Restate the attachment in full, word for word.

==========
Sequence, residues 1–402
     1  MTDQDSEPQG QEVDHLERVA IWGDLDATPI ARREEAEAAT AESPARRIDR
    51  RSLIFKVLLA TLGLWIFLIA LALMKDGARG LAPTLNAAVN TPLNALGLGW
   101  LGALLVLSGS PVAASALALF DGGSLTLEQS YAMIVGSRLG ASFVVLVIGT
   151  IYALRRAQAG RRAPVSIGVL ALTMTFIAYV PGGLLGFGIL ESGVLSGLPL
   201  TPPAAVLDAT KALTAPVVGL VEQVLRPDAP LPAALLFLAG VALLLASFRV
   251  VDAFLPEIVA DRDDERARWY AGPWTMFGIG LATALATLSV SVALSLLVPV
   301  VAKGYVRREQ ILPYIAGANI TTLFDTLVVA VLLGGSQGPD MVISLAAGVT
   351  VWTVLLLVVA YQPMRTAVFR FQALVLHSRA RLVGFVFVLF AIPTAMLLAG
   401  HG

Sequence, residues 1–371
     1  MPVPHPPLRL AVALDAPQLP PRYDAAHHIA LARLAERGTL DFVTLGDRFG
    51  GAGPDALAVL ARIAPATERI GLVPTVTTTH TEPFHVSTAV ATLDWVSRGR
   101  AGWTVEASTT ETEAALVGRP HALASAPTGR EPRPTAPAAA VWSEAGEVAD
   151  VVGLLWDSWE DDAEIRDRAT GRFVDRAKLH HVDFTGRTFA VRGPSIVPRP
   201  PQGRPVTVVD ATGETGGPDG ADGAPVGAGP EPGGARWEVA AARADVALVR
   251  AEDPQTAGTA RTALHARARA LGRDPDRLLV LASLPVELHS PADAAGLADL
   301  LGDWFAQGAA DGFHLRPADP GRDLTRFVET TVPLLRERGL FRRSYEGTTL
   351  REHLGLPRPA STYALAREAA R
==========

Sequence, residues 1–402
     1  MTDQDSEPQG QEVDHLERVA IWGDLDATPI ARREEAEAAT AESPARRIDR
    51  RSLIFKVLLA TLGLWIFLIA LALMKDGARG LAPTLNAAVN TPLNALGLGW
   101  LGALLVLSGS PVAASALALF DGGSLTLEQS YAMIVGSRLG ASFVVLVIGT
   151  IYALRRAQAG RRAPVSIGVL ALTMTFIAYV PGGLLGFGIL ESGVLSGLPL
   201  TPPAAVLDAT KALTAPVVGL VEQVLRPDAP LPAALLFLAG VALLLASFRV
   251  VDAFLPEIVA DRDDERARWY AGPWTMFGIG LATALATLSV SVALSLLVPV
   301  VAKGYVRREQ ILPYIAGANI TTLFDTLVVA VLLGGSQGPD MVISLAAGVT
   351  VWTVLLLVVA YQPMRTAVFR FQALVLHSRA RLVGFVFVLF AIPTAMLLAG
   401  HG

Sequence, residues 1–371
     1  MPVPHPPLRL AVALDAPQLP PRYDAAHHIA LARLAERGTL DFVTLGDRFG
    51  GAGPDALAVL ARIAPATERI GLVPTVTTTH TEPFHVSTAV ATLDWVSRGR
   101  AGWTVEASTT ETEAALVGRP HALASAPTGR EPRPTAPAAA VWSEAGEVAD
   151  VVGLLWDSWE DDAEIRDRAT GRFVDRAKLH HVDFTGRTFA VRGPSIVPRP
   201  PQGRPVTVVD ATGETGGPDG ADGAPVGAGP EPGGARWEVA AARADVALVR
   251  AEDPQTAGTA RTALHARARA LGRDPDRLLV LASLPVELHS PADAAGLADL
   301  LGDWFAQGAA DGFHLRPADP GRDLTRFVET TVPLLRERGL FRRSYEGTTL
   351  REHLGLPRPA STYALAREAA R